The incoming blizzard set to hit New York isn't cooling off the situation in Albany's statehouse, where no one is quite sure who’s leading the state Assembly after Speaker Sheldon Silver's arrest last week on corruption charges.
Word spread Monday that rather than resign, Silver will split his powers among five senior Democrats as budget negotiations loom.
Gov. Andrew Cuomo outlined his $142 billion budget proposal on Jan. 21. The Legislature has a March 31 deadline to consider or amend the budget.
During much of the time he’s is accused of accepting millions in kickbacks, Silver led the Assembly to pass progressive reforms on tenants rights, education, abortion and gay marriage.
Support for Silver is slipping. Hours after his arrest, top Assembly Democrats defended Silver. Only one Democrat — Brooklyn Assemblyman and longtime firebrand Charles Barron — voted against him.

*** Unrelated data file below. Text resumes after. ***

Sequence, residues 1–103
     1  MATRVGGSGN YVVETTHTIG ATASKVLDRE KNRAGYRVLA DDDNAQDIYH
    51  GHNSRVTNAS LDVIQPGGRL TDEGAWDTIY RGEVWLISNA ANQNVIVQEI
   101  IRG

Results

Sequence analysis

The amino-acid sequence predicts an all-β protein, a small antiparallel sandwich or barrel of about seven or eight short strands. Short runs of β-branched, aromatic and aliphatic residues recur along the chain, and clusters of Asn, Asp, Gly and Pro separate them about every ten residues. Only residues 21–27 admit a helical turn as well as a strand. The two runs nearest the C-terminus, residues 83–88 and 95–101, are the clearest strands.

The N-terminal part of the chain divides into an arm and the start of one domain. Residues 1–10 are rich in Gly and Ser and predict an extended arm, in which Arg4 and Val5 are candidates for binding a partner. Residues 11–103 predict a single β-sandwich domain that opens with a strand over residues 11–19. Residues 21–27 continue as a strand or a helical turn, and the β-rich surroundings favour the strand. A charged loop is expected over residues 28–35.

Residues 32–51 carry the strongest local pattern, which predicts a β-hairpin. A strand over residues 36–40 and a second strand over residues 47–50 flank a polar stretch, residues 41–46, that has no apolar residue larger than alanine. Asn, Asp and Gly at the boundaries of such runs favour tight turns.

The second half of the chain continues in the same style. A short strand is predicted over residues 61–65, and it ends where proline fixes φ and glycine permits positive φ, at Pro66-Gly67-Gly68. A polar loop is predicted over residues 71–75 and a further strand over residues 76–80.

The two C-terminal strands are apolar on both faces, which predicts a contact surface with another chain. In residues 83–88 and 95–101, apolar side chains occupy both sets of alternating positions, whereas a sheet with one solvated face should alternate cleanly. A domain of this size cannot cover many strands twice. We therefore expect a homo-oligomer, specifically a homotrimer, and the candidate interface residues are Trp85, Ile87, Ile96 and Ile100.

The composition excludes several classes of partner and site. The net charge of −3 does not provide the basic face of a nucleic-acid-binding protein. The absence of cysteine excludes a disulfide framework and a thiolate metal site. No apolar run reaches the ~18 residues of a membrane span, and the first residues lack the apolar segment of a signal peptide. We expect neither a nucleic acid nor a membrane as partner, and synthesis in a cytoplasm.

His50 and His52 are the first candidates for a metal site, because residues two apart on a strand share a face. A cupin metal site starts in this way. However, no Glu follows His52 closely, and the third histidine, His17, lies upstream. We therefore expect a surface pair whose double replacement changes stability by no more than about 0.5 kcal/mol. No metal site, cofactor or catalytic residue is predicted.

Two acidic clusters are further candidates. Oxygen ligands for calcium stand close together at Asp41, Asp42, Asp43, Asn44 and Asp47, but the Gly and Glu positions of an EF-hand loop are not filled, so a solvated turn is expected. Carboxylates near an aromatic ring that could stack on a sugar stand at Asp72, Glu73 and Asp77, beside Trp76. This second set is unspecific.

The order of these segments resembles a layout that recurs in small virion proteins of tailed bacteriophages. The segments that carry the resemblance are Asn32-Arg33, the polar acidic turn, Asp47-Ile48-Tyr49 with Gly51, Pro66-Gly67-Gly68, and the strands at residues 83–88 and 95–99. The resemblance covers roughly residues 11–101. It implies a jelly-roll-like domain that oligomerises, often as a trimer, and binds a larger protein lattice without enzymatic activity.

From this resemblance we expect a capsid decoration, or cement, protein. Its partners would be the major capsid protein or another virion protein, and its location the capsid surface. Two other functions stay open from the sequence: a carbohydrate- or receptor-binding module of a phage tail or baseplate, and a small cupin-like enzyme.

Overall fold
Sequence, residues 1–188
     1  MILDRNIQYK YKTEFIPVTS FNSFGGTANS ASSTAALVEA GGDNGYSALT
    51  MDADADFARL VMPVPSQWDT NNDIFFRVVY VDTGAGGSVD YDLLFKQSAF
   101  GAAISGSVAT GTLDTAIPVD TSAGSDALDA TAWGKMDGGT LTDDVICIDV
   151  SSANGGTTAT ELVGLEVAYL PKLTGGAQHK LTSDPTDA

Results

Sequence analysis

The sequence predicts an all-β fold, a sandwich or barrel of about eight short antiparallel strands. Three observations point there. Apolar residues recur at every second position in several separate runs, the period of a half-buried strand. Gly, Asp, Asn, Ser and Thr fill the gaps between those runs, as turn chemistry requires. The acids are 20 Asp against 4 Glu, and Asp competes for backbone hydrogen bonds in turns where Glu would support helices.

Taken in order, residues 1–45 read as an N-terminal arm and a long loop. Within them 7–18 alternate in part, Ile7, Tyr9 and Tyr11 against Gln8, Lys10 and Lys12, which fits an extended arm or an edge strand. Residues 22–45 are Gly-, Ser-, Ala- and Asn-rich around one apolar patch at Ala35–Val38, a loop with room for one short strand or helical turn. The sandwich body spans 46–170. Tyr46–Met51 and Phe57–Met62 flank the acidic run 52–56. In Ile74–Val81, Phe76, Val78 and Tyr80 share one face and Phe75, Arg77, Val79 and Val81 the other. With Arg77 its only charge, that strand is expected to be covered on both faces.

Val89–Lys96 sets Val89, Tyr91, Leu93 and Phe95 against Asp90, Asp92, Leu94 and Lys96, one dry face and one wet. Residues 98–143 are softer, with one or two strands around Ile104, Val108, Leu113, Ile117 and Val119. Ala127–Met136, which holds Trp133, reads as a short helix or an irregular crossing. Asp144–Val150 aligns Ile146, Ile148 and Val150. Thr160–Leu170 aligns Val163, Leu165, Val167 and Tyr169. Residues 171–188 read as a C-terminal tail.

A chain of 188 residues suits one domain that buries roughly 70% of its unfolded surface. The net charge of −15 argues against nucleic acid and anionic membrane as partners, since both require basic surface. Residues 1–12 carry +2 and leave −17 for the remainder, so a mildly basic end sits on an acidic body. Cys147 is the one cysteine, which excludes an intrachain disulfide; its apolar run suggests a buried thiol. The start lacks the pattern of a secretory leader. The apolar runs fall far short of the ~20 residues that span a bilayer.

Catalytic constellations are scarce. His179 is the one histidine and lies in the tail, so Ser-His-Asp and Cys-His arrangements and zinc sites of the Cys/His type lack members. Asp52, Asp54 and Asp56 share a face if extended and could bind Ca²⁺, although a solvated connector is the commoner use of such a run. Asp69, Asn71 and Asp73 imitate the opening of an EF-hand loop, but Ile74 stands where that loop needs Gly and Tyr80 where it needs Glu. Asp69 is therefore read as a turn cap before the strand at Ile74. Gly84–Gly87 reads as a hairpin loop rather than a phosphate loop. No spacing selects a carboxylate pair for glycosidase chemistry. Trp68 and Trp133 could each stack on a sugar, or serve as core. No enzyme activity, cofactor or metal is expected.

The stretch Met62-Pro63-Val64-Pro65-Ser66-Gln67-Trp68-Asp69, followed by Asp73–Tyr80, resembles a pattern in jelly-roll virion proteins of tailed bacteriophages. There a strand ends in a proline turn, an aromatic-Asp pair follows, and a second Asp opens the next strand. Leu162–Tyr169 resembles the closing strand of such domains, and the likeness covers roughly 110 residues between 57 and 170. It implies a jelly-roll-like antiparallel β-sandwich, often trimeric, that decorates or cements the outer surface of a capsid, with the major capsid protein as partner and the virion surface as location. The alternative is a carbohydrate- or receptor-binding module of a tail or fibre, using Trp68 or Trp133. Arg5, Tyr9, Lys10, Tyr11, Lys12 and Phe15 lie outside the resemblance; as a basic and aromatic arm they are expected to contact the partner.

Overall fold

By Monday, a growing chorus of Assembly members distanced themselves from Silver and his plan to distribute his power. Cuomo also questioned Silver's plan ahead of the budget talks.
"All I know is what I’ve read, the quote-unquote committee, I don’t know what that means," Cuomo told reporters at an unrelated press event. "I can't negotiate with a committee."
Cuomo refused to say whether Silver should remain speaker, while at least seven Assembly members told various outlets Silver should step down.
"I think he should step down and resign," Barron told reporters Monday. "This is a distraction. And if any part of these charges are true, it is a shame. It is a disgrace."